Here’s a story about where performance support would’ve made a task much easier.
And, as always, the text.
The other day, I had a classic need for performance support. Of course, it didn’t exist. So here’s a cognitive story about when and where a job aid would help.
Our Bosch dishwasher stopped near the beginning of the cycle, and displayed an icon of a water tap. The goal was to get the dishwasher running again. What with the layer of undrained water, we figured there was some sort of problem with the drain, clogged or the pump broken. M’lady had cleaned the drain, but the icon persisted. What now? Of course we could call a service person, but trying to be handy and frugal (and safe), we wanted to find out if it was something I could deal with. So, off to the manual.
Well, in this case, since I didn’t know where the manual was, I went online. I accessed the site and downloaded the manual. Only to find no guide to what the icons mean. What?!? This violates what we know about our brains, in this case that our memory is limited. The support section of the site did list the error codes, but numerically, not by icon. So, I had an indication I couldn’t map to a problem, let alone a solution.
This is a real flaw! If you’re gonna use icons, provide a guide! Don’t assume they’re interpretable. (This had happened once before with this same appliance, with an impenetrable icon and no clue.) As a result, I had to call the service line. That wait took awhile (with more people staying home, they’re using their dishwashers more, and the appliances are therefore breaking down more). Once, the call dropped. The second time I had to stop because I had an upcoming call. The third time, however, I got through.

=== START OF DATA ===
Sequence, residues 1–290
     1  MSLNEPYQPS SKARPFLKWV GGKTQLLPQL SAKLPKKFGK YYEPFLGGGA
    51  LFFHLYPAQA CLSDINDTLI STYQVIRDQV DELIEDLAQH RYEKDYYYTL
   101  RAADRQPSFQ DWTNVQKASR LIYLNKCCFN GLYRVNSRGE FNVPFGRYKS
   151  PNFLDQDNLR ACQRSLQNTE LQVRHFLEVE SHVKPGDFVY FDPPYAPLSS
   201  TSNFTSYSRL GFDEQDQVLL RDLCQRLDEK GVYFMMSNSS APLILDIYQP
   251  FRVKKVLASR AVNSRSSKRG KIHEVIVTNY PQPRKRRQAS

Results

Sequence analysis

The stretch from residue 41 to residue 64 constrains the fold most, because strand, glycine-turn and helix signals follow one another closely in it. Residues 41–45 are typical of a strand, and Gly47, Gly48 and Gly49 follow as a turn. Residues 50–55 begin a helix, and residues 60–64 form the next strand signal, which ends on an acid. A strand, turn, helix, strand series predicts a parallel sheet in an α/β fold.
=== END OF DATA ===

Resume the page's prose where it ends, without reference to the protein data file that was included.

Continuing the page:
And a perfectly nice person listened, asked some questions, and then instructed me through a process. After hitting cancel (which automatically tries to drain everything and reset to zero) by simultaneously pressing two buttons linked by a line on the control panel, I heard noises in the sink like it was draining. After a minute, I was told to go ahead and open it up (yep, drained), turn it off and on, and then try running the cleaning cycle again. And, voila, it worked! (Yay!)
So, what’s wrong with this picture? First of all, there should be a clear explanation of what the icon means, as indicated above. Second, it should be clearly tied to a process to address the problem, including intermediate steps.This is so common, I am quite boggled that the great engineers that made our (very good) dishwasher aren’t complemented with a great technical communications team who write up a useful manual to support. It. Is. Just. Silly!
Note: this isn’t a learning experience. It’s just fine that I don’t recall what the last time’s icon was or what it meant, and maybe what this icon meant and what I should do. It should be infrequent enough that it’d be unreasonable for me to have to recall. Instead, I should be able to look it up. Put information in the world! In the long term, this should save them buckets of money because most people could self help. Clearly, they’ve gone to numeric codes, but they could’ve just added in the associated icons, or given a mapping from icon to numeric code. Something to help folks who have the pics.
This is just bad design, and it’s so obvious how to ameliorate it. People will self-help many times, but only if they can! Just as you shouldn’t be creating a training course when a job aid will do, you can save a help call when a job aid can address most of the problems. Use performance support when it makes sense, and doing so comes from understanding how we actually think, work, and learn. When you do, you can design solutions that meet real needs. And that’s what we want to do, no?